Although the main cause of many neurodegenerative diseases is unknown, the glial reaction is considered to be a consequence of neuronal cell death in Alzheimers disease, Parkinsons disease, and Huntingtons disease. In Parkinsons disease, postmortem examination and experimental animal models exposed to neurotoxin reveals a dramatic loss of dopaminergic neurons in the substantia nigra associated with a massive astrogliosis and the presence of activated microglial cells. These glial cells can release deleterious compounds such as proinflammatory prostaglandins and cytokines, which may act by stimulating reactive oxygen species in glial cells, or which may exert a more direct effect on dopaminergic neurons by activating receptors that contain death domains involved in neuronal apoptosis. The anti-inflammatory drugs and the tetracycline derivative minocycline have been shown to reduce glial activation and protect the substantia nigra in an animal model of the disease. Inhibition of the glial reaction and the inflammatory processes may thus represent a therapeutic target to reduce neuronal degeneration in Parkinsons disease. Elucidation of molecular mechanisms underlying intracellular signal transductions of glial activation will provide promising means of controlling neuroinflammation and the subsequent neurodegeneration.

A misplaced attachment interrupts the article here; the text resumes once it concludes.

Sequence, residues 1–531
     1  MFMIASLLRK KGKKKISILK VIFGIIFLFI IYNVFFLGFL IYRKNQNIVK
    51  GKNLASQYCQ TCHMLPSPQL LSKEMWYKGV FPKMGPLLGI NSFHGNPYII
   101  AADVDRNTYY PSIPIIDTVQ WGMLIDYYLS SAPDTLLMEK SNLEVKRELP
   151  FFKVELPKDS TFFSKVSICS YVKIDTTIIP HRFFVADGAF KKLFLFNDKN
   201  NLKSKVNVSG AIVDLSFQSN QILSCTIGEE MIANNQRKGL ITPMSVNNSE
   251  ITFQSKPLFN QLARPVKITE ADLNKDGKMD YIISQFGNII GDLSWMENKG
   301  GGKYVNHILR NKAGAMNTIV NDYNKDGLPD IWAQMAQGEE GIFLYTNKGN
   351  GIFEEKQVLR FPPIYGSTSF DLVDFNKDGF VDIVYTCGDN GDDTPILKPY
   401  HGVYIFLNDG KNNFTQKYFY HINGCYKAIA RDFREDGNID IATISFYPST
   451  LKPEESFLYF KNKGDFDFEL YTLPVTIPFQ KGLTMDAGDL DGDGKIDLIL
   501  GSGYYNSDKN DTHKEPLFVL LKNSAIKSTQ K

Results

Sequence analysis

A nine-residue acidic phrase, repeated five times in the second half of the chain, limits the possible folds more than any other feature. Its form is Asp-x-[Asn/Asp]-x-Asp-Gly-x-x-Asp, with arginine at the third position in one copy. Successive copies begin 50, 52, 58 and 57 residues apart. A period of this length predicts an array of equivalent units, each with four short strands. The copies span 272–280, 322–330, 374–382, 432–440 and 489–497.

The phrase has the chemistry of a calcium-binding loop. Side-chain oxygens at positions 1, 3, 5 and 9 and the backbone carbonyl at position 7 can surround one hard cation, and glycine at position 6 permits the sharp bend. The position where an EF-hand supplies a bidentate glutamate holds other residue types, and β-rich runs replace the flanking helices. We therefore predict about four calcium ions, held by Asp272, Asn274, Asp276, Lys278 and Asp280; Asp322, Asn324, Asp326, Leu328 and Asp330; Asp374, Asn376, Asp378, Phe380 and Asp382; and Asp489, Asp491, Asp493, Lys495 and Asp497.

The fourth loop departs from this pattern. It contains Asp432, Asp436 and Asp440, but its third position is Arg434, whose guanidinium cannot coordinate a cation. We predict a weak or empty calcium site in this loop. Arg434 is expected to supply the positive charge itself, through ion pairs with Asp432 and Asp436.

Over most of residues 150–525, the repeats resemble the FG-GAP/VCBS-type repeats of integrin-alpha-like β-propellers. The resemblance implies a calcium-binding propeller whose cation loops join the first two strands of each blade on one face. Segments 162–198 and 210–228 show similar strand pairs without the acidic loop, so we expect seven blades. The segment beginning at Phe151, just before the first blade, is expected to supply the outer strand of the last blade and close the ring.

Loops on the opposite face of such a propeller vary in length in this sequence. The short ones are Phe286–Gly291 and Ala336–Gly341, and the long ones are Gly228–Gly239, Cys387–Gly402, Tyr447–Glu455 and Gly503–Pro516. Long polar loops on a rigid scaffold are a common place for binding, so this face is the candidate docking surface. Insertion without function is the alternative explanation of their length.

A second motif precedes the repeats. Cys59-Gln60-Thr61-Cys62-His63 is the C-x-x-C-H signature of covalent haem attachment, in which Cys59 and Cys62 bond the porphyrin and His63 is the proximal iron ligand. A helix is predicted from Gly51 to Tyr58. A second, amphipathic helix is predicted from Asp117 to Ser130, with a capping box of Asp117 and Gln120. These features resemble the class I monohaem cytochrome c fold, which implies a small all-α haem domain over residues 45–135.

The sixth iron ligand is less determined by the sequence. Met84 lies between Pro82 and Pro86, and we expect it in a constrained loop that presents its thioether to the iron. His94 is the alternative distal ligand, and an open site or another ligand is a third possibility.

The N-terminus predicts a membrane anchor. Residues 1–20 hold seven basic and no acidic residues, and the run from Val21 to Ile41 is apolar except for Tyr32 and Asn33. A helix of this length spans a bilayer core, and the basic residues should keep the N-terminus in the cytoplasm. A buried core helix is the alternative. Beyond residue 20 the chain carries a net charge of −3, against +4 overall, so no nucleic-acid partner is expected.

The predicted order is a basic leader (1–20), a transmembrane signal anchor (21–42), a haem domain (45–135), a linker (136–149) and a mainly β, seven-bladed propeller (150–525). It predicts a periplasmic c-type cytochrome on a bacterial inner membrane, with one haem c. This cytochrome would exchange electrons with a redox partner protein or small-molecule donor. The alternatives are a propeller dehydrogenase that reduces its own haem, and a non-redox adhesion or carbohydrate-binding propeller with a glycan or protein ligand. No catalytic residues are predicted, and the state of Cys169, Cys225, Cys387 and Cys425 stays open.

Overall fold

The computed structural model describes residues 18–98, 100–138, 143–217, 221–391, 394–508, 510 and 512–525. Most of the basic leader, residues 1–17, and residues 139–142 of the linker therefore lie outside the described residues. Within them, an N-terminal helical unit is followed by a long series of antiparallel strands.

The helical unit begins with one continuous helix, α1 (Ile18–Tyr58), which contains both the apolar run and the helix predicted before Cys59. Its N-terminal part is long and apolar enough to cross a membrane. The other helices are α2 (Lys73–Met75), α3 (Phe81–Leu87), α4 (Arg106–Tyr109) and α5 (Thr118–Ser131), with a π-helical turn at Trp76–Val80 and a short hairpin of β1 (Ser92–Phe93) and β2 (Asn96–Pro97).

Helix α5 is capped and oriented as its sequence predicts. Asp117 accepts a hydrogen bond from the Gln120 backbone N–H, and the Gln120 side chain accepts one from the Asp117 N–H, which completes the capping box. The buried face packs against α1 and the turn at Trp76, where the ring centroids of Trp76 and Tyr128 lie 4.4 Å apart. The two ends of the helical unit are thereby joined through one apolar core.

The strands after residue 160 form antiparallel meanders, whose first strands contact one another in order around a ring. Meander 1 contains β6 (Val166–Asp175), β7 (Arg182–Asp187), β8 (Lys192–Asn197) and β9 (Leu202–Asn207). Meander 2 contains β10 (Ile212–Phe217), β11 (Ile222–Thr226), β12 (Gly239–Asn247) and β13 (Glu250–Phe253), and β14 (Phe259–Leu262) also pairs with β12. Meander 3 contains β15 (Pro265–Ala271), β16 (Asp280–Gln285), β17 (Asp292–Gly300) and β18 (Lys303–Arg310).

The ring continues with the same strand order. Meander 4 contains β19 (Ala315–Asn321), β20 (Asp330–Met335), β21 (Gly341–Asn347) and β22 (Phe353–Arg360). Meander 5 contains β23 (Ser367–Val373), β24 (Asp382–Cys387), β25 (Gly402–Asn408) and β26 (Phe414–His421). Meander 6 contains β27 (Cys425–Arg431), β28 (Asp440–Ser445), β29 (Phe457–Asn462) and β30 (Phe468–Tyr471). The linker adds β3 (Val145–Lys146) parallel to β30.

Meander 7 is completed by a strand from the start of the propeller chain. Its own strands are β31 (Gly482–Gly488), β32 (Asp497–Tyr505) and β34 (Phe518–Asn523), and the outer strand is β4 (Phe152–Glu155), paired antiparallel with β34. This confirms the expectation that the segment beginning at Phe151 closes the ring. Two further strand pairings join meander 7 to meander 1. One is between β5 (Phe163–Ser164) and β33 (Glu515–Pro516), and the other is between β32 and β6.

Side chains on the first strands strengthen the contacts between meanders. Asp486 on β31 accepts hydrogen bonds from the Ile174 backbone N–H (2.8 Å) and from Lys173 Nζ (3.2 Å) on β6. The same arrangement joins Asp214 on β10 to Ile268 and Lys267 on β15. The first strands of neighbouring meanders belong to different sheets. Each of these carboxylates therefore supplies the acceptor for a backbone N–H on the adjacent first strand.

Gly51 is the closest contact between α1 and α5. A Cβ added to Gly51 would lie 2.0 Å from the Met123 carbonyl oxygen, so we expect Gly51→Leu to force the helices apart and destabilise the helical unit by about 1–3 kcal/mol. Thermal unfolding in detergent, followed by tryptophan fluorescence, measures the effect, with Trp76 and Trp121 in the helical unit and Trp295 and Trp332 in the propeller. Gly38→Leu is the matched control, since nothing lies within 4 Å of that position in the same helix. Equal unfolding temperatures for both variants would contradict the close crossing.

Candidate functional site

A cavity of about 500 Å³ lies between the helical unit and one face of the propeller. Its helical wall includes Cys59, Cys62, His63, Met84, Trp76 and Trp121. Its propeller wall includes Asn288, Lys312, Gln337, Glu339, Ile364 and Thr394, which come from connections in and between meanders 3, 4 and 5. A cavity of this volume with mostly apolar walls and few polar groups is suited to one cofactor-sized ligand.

Keywords: Neurodegenerative diseases, neuroinflammation, microglia, astrocyte, Parkinson's disease, experimental animal model, minocycline, central nervous system, signal transduction
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